Tripping over public policies

Today, two gripes for the price of one.

First, a bureaucratic nightmare involving an award-winning Los Angeles teacher who wants to teach FOR FREE. Naturally, he can't get the go-ahead, even though the district is strapped for cash.

And then I've got the case of a terminally ill woman who has been locked up 27 years for the murder of her violently abusive boyfriend, even though the key witness against her was a liar, the district attorney's office agreed four years ago that it was time to let her go and a state parole board has recommended her release.

Let's start with the teacher, Bruce Kravets, of Palms Middle School in L.A. Unified. Actually, let's start with my e-mail in-box, which filled up Tuesday morning when a small army of Palms parents took turns asking me to do something -- anything -- to make sure Kravets is on campus when school begins in three weeks.

"He is the reason many parents send their children to Palms," one parent said.

My favorite message was like a plea for a hostage release.

"Let Mr. Kravets teach!"

I had already heard about the strange case of Mr. Kravets and began looking into the matter last week. Kravets, winner of a Jaime Escalante award, received special training years ago to teach logic, along with calculus, algebra and geometry, and his triumphs have been legendary.

"I can't say enough incredible things about this man," said Principal Bonnie Murrow, who told me Kravets has worked on Saturdays and Sundays with students who wanted a little extra help at a school that is considered one of the best in L.A. Unified.

Kravets chose to retire because after 42 years of service, with only three sick days in all that time, his retirement pay would be significantly higher than his regular salary. (This kind of deal could partially explain the district's cash flow problems.) But he still has a burning desire to teach, and he retired with the understanding that he'd be allowed to carry on at Palms in the same capacity, only as a volunteer.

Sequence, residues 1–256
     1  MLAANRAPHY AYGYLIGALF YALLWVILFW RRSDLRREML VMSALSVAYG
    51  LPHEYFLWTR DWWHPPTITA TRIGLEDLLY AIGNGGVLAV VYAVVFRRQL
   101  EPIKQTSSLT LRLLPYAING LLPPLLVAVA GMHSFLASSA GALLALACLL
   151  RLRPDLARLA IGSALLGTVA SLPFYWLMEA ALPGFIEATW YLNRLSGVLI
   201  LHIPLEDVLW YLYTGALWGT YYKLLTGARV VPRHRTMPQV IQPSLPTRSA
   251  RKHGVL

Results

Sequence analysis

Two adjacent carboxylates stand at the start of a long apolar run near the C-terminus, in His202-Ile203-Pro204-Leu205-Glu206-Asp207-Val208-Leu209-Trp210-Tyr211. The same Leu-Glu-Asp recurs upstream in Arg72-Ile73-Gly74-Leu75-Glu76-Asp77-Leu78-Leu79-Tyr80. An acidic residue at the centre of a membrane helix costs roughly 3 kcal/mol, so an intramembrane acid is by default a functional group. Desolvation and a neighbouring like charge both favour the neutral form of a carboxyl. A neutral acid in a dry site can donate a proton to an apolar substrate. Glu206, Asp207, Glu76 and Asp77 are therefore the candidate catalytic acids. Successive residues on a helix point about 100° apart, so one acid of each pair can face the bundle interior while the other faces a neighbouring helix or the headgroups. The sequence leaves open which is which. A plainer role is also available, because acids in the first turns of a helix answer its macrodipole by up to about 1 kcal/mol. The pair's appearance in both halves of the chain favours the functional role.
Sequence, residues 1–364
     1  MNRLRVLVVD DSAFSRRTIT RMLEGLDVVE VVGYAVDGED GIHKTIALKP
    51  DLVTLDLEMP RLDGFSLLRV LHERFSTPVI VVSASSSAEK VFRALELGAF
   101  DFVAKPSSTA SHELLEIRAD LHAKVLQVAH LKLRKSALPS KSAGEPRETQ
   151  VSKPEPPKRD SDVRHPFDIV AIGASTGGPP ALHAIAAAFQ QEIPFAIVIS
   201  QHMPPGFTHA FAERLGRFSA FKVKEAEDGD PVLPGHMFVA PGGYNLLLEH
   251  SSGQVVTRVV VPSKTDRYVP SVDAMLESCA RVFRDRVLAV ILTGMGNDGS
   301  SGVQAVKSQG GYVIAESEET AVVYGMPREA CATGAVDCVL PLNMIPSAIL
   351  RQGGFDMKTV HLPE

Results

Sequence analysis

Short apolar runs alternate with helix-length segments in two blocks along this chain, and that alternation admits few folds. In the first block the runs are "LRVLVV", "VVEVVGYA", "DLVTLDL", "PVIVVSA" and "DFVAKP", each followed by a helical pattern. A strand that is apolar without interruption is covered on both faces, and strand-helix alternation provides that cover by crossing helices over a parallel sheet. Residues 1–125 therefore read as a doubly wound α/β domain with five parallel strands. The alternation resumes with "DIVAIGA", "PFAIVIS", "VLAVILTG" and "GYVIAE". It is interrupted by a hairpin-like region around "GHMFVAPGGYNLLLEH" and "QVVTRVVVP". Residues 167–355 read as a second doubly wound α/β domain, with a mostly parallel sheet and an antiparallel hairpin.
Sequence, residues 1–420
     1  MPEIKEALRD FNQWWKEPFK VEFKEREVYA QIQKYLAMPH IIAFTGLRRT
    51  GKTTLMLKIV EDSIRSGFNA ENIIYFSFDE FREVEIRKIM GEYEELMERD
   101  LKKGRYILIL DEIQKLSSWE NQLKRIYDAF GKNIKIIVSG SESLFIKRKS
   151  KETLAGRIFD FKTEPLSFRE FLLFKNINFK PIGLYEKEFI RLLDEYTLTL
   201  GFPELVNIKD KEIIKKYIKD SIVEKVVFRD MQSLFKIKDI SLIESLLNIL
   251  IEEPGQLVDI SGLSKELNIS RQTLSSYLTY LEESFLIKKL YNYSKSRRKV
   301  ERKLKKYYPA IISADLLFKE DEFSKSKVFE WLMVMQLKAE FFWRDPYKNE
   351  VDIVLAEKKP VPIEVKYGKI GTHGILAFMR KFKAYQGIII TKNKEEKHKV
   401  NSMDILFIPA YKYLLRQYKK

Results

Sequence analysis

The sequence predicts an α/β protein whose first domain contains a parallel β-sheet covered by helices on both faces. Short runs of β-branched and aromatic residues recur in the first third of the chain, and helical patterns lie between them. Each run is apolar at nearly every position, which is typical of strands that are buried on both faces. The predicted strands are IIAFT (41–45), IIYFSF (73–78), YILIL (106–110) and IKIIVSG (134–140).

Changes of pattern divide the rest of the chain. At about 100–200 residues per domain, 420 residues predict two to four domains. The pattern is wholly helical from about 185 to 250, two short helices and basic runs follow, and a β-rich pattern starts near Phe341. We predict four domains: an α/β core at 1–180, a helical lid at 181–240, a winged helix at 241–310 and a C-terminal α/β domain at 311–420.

Little did he know that despite the support of his principal, he had entered a world in which no good deed goes unpunished -- a world where questions abound and common sense goes to die.

Was it against the law for a volunteer to be a full-time teacher of record? Was it a matter for the union to decide, or the district, or perhaps some greater authority?

Weeks passed, with countless e-mails and phone calls by Kravets to district and union officials. He said he didn't want to anger anyone. He just wanted to teach.

"I kept getting shuttled from one office to another, and I kept getting different stories," said Kravets, whom I reached by phone Tuesday in Germany, where he and his loved ones spend summers in a family home.

It was German poet Friedrich von Schiller, by the way, whose quote Kravets finds particularly applicable:

"Against stupidity the gods themselves contend in vain."

There was but one fleeting moment of optimism, back when Supt. Ray Cortines got wind of the situation and personally called Kravets to say: "You are extraordinary."

Kravets recalls Cortines saying he'd get things moving.

So what's the problem?